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    #1

    which one is correct?

    Which preposition should I choose in this case:

    e.g. Nowadays the Europeans are leaving their countries to go in/to America.

  1. Raymott's Avatar
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    #2

    Re: which one is correct?

    Quote Originally Posted by allthewayanime View Post
    Which preposition should I choose in this case:

    e.g. Nowadays the Europeans are leaving their countries to go in/to America.
    In English we go to a place.

  2. emsr2d2's Avatar
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    #3

    Re: which one is correct?

    We go to a country, city, town, village, street, road.

    We can go to a building. (I am going to school.)
    We can go into a building. (I am going into the school.)
    We can go in a building. (He went in the bank.)

  3. Raymott's Avatar
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    #4

    Re: which one is correct?

    Quote Originally Posted by emsr2d2 View Post
    We go to a country, city, town, village, street, road.

    We can go to a building. (I am going to school.)
    We can go into a building. (I am going into the school.)
    We can go in a building. (He went in the bank.)
    I would never say, "He went in the bank" - and nor would many others I know. Do you mean "He went into the bank"?

    Child: I need to go to the toilet.
    Mother: Well, we'll go into this restaurant, and you can go in the restaurant.
    The child is in the restaurant before she goes in the restaurant.

    I know there are different usages, perhaps regional, of 'in' and 'into', so I am not saying this usage is wrong. I don't want to start an argument - just to let learners know that many of us prefer 'into' when 'into' is meant.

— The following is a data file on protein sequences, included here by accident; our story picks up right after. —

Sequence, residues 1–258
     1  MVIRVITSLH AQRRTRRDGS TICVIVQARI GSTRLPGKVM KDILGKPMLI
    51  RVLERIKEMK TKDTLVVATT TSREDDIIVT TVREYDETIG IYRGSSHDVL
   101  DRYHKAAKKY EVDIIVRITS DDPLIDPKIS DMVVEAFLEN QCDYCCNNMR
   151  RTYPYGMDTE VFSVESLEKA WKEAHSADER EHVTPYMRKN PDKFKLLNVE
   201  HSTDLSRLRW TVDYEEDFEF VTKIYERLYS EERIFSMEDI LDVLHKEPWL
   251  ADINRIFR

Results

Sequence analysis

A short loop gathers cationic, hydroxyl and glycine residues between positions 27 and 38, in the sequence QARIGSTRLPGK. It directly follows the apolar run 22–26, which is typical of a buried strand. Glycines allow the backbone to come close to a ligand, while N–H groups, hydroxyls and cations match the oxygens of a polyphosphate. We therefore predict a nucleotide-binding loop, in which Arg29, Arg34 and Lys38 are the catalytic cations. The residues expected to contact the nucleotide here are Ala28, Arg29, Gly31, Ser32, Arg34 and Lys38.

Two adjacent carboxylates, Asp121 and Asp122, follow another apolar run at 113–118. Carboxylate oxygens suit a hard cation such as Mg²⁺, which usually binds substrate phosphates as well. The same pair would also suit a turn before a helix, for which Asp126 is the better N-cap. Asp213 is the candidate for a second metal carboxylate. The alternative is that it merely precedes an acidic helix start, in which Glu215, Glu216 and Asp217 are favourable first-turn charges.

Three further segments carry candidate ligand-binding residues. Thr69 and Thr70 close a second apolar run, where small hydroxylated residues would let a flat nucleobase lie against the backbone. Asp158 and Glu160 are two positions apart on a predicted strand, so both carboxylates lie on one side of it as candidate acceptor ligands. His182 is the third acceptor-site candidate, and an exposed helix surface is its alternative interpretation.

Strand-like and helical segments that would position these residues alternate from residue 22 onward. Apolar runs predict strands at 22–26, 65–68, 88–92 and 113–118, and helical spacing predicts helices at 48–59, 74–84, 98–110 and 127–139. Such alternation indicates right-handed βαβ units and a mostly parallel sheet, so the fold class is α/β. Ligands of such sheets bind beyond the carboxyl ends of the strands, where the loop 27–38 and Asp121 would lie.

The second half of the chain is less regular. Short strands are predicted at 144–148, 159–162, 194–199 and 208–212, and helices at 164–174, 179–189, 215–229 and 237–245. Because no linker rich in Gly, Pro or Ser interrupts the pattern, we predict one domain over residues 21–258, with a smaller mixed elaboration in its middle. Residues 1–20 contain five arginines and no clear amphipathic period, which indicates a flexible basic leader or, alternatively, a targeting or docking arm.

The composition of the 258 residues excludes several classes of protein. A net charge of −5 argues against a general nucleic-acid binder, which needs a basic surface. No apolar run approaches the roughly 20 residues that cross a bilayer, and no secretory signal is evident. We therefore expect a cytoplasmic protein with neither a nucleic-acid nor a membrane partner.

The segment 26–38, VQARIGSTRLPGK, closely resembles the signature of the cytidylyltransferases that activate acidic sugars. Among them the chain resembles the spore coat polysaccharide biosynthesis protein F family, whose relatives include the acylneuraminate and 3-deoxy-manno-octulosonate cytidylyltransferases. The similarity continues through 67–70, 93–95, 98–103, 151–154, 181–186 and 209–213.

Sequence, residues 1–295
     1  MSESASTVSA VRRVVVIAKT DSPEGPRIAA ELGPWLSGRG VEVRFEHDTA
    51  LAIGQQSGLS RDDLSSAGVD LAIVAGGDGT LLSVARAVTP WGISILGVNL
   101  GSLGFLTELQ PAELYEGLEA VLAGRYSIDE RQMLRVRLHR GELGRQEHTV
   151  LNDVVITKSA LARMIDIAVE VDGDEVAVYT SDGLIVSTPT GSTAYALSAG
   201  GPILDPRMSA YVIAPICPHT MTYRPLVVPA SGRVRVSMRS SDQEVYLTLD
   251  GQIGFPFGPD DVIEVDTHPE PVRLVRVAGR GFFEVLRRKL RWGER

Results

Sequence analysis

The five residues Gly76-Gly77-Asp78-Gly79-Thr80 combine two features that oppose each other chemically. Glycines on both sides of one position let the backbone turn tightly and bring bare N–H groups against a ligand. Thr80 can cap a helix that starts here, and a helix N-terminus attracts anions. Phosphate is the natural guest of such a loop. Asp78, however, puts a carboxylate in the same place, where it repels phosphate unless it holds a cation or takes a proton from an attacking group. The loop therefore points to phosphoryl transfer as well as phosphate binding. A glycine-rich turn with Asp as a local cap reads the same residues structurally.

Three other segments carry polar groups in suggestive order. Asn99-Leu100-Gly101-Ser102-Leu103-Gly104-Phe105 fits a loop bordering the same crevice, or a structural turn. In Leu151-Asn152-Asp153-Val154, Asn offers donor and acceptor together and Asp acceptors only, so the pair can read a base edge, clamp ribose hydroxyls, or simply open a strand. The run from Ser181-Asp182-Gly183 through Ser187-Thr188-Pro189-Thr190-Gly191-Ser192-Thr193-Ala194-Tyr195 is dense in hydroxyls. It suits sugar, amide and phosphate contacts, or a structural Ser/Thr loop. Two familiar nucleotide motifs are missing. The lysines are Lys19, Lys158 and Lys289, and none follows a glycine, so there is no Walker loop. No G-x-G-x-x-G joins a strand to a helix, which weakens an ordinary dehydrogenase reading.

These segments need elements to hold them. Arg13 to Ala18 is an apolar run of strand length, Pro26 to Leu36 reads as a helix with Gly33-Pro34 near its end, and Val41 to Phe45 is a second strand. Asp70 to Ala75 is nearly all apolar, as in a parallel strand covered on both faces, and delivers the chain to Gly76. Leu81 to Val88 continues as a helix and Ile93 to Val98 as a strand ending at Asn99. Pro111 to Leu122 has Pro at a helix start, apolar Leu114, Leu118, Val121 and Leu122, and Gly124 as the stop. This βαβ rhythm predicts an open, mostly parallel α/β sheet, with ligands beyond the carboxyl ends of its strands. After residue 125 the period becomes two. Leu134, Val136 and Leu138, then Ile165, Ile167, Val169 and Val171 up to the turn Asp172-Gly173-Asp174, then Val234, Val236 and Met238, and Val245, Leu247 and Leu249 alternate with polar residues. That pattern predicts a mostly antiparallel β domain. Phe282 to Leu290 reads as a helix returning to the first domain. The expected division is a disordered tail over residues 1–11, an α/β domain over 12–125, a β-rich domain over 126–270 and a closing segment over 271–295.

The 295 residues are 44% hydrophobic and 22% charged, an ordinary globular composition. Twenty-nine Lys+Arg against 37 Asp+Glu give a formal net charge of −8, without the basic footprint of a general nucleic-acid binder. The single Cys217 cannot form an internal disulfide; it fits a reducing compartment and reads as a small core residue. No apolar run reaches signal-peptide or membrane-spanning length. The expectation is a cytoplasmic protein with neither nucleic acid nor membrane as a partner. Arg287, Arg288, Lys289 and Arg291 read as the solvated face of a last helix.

PS: This affects many verbs - come, jump, hop ... any verb of motion.
    The following have different meanings:
    "Come into the room" and "Come in the room."
    "He raced into the street." and "He raced in the street."
    Last edited by Raymott; 06-Dec-2011 at 20:25.

  4. emsr2d2's Avatar
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    #5

    Re: which one is correct?

    Quote Originally Posted by Raymott View Post
    I would never say, "He went in the bank" - and nor would many others I know. Do you mean "He went into the bank"?

    Child: I need to go to the toilet.
    Mother: Well, we'll go into this restaurant, and you can go in the restaurant.
    The child is in the restaurant before she goes in the restaurant.

    I know there are different usages, perhaps regional, of 'in' and 'into', so I am not saying this usage is wrong. I don't want to start an argument - just to let learners know that many of us prefer 'into' when 'into' is meant.

    PS: This affects many verbs - come, jump, hop ... any verb of motion.
    The following have different meanings:
    "Come into the room" and "Come in the room."
    "He raced into the street." and "He raced in the street."
    "In" might not be used as much as "into" in this context but yes, I would sometimes say "I went in the bank" (and not to mean to use the toilet!)

    - What did you do today?
    - I went in my three favourite shops, I went in that art gallery near your house and I nearly went in the museum but I didn't quite have time.

    Then of course I would use it as part of "to go in" where I guess it's not a preposition:

    - Did you go to the library?
    - I went in but then I realised it was about to close so I left again.

  5. 5jj's Avatar
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    #6

    Re: which one is correct?

    Quote Originally Posted by emsr2d2 View Post
    "In" might not be used as much as "into" in this context but yes, I would sometimes say "I went in the bank" (and not to mean to use the toilet!)
    .
    So would I.

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